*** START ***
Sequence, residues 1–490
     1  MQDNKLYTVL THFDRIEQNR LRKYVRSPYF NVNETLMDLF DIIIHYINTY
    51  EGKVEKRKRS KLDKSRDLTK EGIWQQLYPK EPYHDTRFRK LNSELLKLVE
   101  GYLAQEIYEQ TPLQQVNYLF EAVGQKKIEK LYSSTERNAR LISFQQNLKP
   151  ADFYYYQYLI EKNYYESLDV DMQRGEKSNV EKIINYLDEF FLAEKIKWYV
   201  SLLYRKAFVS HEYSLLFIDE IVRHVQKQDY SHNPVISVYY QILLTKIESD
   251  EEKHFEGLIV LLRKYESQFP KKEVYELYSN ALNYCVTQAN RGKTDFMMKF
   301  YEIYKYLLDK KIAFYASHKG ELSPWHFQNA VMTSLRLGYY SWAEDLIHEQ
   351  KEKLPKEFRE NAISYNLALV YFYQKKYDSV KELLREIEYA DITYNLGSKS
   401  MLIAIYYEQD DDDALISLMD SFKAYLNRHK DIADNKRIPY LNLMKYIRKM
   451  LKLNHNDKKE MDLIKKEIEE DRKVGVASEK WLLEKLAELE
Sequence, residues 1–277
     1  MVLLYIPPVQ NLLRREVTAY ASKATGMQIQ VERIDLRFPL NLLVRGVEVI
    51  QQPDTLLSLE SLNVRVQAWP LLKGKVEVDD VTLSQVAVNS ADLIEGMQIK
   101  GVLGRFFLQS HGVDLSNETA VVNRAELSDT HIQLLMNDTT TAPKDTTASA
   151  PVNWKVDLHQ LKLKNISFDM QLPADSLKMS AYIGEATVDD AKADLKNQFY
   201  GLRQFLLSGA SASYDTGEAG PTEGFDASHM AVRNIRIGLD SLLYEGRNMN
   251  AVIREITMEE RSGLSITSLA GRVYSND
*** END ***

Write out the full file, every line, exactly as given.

Sequence, residues 1–490
     1  MQDNKLYTVL THFDRIEQNR LRKYVRSPYF NVNETLMDLF DIIIHYINTY
    51  EGKVEKRKRS KLDKSRDLTK EGIWQQLYPK EPYHDTRFRK LNSELLKLVE
   101  GYLAQEIYEQ TPLQQVNYLF EAVGQKKIEK LYSSTERNAR LISFQQNLKP
   151  ADFYYYQYLI EKNYYESLDV DMQRGEKSNV EKIINYLDEF FLAEKIKWYV
   201  SLLYRKAFVS HEYSLLFIDE IVRHVQKQDY SHNPVISVYY QILLTKIESD
   251  EEKHFEGLIV LLRKYESQFP KKEVYELYSN ALNYCVTQAN RGKTDFMMKF
   301  YEIYKYLLDK KIAFYASHKG ELSPWHFQNA VMTSLRLGYY SWAEDLIHEQ
   351  KEKLPKEFRE NAISYNLALV YFYQKKYDSV KELLREIEYA DITYNLGSKS
   401  MLIAIYYEQD DDDALISLMD SFKAYLNRHK DIADNKRIPY LNLMKYIRKM
   451  LKLNHNDKKE MDLIKKEIEE DRKVGVASEK WLLEKLAELE
Sequence, residues 1–277
     1  MVLLYIPPVQ NLLRREVTAY ASKATGMQIQ VERIDLRFPL NLLVRGVEVI
    51  QQPDTLLSLE SLNVRVQAWP LLKGKVEVDD VTLSQVAVNS ADLIEGMQIK
   101  GVLGRFFLQS HGVDLSNETA VVNRAELSDT HIQLLMNDTT TAPKDTTASA
   151  PVNWKVDLHQ LKLKNISFDM QLPADSLKMS AYIGEATVDD AKADLKNQFY
   201  GLRQFLLSGA SASYDTGEAG PTEGFDASHM AVRNIRIGLD SLLYEGRNMN
   251  AVIREITMEE RSGLSITSLA GRVYSND